In addition to video, music and photos you can install apps and games (you can use a compatible Bluetooth game controller.) I tested the TuneIn Radio app and was happy to be able to stream my favorite channels and podcasts to the TV. There are health, cooking and education apps and apps that will display photos from Flickr, Google and many other places. There’s also a YouTube app. I noticed that the user interface inside apps isn’t as responsive as in the native UI but apart from that I haven’t looked deeply into this area. Assuming all the apps work well it appears to be possible to get a good value experience out of the Fire TV Stick without an Amazon Prime account.
Screen Mirroring with Miracast.
Amazon Fire TV Stick includes a WiFi Alliance Miracast compatible screen mirroring function allowing phones and PCs to send their screen to the Fire TV Stick for display. The feature has recently been updated (18.104.22.168_user_110041020 is the version I’m testing) to improve this and some work went into improving support for Windows 8.1 devices.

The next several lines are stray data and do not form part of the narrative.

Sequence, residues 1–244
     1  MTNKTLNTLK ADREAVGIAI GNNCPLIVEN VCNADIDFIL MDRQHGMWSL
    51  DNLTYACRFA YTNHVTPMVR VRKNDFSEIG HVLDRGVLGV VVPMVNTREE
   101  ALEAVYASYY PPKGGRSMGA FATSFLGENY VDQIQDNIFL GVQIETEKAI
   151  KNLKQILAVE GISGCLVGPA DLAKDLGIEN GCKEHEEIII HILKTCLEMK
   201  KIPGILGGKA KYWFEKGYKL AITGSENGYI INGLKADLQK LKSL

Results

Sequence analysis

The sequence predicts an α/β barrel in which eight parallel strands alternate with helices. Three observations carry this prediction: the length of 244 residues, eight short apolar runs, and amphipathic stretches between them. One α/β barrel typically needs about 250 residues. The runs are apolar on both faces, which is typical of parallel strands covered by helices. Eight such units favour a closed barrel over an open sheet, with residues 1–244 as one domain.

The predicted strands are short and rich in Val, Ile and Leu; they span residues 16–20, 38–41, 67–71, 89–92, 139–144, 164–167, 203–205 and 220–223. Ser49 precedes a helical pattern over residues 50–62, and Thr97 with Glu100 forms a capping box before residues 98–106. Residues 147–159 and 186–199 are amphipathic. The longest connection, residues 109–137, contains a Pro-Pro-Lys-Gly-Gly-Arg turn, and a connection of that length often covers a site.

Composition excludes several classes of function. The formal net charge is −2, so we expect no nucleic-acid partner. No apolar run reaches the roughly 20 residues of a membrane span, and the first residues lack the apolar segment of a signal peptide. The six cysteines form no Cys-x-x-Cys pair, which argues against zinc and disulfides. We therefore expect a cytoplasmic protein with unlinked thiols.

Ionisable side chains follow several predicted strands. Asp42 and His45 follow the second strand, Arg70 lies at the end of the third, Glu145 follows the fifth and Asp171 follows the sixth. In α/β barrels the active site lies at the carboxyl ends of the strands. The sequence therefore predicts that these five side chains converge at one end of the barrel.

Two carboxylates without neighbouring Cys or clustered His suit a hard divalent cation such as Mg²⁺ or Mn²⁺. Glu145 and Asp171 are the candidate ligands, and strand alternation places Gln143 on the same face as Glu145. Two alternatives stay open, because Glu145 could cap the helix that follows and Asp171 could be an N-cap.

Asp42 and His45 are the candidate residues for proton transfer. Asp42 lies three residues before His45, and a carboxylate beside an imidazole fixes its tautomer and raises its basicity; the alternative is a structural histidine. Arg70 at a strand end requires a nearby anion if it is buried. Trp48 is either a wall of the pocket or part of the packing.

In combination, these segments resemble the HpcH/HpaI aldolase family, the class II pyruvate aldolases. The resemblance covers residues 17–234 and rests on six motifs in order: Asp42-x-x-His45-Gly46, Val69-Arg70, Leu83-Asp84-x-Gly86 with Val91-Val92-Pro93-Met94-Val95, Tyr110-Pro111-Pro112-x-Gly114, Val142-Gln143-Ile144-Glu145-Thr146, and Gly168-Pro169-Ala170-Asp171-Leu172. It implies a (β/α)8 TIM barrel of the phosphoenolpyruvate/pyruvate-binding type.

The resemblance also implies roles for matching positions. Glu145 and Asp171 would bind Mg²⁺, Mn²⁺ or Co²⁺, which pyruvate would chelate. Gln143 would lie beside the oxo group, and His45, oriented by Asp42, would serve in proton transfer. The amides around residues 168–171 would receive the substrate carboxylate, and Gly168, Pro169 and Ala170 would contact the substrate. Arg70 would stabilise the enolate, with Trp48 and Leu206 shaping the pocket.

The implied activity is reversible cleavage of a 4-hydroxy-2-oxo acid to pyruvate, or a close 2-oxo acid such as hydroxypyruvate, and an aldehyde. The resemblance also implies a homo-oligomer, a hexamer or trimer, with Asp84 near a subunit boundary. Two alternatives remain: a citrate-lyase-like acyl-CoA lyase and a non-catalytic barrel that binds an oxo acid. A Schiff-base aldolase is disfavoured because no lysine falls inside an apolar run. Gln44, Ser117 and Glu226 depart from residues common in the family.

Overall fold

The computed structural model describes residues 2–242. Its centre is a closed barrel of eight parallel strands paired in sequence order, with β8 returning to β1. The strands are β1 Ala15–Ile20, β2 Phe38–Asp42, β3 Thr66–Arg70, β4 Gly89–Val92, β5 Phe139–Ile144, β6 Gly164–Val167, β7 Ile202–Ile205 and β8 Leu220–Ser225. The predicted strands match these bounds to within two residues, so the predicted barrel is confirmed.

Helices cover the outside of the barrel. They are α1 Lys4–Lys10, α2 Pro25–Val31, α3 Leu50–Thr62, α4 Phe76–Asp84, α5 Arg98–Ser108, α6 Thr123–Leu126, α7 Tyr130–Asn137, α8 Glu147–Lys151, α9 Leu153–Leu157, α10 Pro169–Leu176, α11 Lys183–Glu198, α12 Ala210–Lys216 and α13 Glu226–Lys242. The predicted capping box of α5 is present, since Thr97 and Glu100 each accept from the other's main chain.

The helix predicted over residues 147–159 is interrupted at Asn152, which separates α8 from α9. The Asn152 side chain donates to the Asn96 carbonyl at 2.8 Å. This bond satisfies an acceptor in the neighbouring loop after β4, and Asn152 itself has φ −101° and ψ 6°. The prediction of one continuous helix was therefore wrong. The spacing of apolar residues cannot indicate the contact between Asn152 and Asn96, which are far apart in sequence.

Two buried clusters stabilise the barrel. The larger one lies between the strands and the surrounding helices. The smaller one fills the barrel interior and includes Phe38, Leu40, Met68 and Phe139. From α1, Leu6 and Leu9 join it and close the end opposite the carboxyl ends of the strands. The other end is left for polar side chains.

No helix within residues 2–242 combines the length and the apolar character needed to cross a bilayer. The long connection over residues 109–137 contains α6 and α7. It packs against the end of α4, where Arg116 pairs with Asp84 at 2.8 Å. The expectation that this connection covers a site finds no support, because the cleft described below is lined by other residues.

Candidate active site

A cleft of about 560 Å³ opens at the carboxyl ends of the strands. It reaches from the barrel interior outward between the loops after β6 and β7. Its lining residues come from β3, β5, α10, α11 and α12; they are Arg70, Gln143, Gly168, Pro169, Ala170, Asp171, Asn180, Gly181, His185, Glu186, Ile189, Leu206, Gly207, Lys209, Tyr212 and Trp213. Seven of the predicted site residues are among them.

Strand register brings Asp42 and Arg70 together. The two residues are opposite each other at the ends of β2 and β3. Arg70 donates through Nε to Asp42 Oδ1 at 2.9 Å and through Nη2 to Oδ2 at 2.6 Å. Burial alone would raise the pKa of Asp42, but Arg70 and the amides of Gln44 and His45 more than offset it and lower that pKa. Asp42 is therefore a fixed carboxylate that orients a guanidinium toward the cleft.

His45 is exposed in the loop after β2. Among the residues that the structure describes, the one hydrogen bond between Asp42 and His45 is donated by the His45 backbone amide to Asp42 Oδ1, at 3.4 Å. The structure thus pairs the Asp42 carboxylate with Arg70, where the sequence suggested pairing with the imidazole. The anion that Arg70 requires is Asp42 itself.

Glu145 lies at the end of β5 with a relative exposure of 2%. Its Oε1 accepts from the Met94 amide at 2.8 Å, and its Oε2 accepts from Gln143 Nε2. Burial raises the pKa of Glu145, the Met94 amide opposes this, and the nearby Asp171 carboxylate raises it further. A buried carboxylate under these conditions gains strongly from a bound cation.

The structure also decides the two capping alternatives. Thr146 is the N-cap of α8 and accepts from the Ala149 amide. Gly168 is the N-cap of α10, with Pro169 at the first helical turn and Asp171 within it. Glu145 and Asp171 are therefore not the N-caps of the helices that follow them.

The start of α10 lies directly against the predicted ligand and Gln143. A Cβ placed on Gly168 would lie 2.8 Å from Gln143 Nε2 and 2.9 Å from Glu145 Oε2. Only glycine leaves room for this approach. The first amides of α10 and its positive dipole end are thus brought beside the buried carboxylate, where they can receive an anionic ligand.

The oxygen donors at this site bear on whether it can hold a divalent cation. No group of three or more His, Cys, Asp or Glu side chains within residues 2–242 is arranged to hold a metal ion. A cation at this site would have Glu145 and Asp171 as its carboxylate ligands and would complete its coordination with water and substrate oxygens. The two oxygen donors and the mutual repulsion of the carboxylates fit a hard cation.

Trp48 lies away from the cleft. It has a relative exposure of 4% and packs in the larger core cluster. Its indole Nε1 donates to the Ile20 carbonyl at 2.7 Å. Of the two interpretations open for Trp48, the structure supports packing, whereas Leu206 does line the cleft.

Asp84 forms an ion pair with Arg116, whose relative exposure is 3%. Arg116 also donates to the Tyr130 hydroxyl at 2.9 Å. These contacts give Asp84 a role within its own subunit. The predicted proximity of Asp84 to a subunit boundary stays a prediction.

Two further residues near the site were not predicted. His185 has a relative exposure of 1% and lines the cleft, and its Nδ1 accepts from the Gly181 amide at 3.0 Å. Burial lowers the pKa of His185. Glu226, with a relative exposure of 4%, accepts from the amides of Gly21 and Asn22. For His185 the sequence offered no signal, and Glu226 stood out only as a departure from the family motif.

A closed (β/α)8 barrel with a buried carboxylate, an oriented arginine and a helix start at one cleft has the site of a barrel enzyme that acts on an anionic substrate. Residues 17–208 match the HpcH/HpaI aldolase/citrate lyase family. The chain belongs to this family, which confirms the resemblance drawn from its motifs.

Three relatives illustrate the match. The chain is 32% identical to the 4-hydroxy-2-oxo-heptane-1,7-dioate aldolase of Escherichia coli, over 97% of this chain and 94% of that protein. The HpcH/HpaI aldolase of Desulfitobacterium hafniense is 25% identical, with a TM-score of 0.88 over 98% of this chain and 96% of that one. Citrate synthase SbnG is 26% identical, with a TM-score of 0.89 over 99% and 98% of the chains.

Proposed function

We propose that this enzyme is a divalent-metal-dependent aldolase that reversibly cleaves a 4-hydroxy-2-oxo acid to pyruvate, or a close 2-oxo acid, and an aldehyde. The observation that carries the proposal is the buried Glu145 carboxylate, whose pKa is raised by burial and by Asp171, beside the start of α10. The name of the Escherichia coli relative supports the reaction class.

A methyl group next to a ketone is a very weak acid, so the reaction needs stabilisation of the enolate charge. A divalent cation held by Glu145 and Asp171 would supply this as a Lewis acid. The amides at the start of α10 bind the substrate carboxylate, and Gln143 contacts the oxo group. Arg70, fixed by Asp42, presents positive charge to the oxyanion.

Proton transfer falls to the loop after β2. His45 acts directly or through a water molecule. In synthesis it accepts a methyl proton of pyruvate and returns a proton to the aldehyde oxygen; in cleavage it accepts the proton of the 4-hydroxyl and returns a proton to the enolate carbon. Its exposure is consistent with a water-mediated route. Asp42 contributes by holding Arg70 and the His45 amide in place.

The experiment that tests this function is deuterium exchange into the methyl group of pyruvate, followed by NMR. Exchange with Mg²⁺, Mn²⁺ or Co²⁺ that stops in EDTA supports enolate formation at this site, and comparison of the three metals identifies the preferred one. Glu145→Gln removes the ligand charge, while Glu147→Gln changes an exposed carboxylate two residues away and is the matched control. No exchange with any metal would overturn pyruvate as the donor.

Note that WiDi is an extension to the Miracast standard that includes some low-latency, quick setup, security and high bit-rate options but Fire TV Stick won’t support those. Windows 8.1 devices with WiDi should be able to send to Miracast receivers though.
There’s no screen-sharing security on the Fire TV Stick by default so if you go into ‘Display Mirroring’ (under the settings menu) and enable it, anyone will be able to use the screen. As the Fire TV Stick uses device-to-device (WiFi Direct) connectivity it doesn’t need a WiFi hotspot either. In many respects it’s good as it enables quick photo sharing from a phone but beware that once the Fire TV Stick is ready to accept a mirroring connection, the first one to connect wins the screen.
I tested Display Mirroring / Miracast with three Windows devices. A Lumia 830, a Surface Pro 3, a Lenovo Miix 2 8 I also tested a Dell Venue 8 7000 (Android)
Lumia 830 and Miracast
Lumia phones (and I assume other Windows Phone 8 devices) have ‘project my screen’ option in the settings. The Lumia 830 found the Fire TV Stick quickly and connected first time. There’s latency in the connection (my guess is 0.2-0.5 seconds) depending on connection quality) and the stream is significantly compressed. Color and definition is lost and I feel that the audio quality suffers too but for showing a quick YouTube video or sharing some photos it’s good enough. I also tried displaying a Powerpoint presentation and was impressed at how easy it was. For a full-screen experience you have to put the phone into landscape orientation but it was nice to have a no-wires experience. Screen zooming helps to highlight parts of a presentation.